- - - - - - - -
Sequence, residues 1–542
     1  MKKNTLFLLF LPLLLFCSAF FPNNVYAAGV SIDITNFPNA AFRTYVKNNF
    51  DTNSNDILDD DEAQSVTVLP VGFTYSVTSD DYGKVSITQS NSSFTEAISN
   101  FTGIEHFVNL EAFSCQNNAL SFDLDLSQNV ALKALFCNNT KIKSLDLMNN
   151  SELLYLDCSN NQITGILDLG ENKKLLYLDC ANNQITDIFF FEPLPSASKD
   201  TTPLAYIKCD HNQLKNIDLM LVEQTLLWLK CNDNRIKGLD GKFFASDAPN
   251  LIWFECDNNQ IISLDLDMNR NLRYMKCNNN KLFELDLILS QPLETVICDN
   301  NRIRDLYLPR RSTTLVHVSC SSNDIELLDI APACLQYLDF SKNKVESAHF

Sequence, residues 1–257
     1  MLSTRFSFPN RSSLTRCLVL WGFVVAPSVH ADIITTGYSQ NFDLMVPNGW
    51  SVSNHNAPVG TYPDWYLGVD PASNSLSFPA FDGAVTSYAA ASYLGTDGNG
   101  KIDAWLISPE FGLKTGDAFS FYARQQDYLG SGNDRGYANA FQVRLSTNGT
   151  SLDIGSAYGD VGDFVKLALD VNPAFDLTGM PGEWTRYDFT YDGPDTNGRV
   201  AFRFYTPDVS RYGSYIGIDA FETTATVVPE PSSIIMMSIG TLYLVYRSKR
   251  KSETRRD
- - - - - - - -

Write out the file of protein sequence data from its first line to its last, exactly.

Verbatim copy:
Sequence, residues 1–542
     1  MKKNTLFLLF LPLLLFCSAF FPNNVYAAGV SIDITNFPNA AFRTYVKNNF
    51  DTNSNDILDD DEAQSVTVLP VGFTYSVTSD DYGKVSITQS NSSFTEAISN
   101  FTGIEHFVNL EAFSCQNNAL SFDLDLSQNV ALKALFCNNT KIKSLDLMNN
   151  SELLYLDCSN NQITGILDLG ENKKLLYLDC ANNQITDIFF FEPLPSASKD
   201  TTPLAYIKCD HNQLKNIDLM LVEQTLLWLK CNDNRIKGLD GKFFASDAPN
   251  LIWFECDNNQ IISLDLDMNR NLRYMKCNNN KLFELDLILS QPLETVICDN
   301  NRIRDLYLPR RSTTLVHVSC SSNDIELLDI APACLQYLDF SKNKVESAHF

Sequence, residues 1–257
     1  MLSTRFSFPN RSSLTRCLVL WGFVVAPSVH ADIITTGYSQ NFDLMVPNGW
    51  SVSNHNAPVG TYPDWYLGVD PASNSLSFPA FDGAVTSYAA ASYLGTDGNG
   101  KIDAWLISPE FGLKTGDAFS FYARQQDYLG SGNDRGYANA FQVRLSTNGT
   151  SLDIGSAYGD VGDFVKLALD VNPAFDLTGM PGEWTRYDFT YDGPDTNGRV
   201  AFRFYTPDVS RYGSYIGIDA FETTATVVPE PSSIIMMSIG TLYLVYRSKR
   251  KSETRRD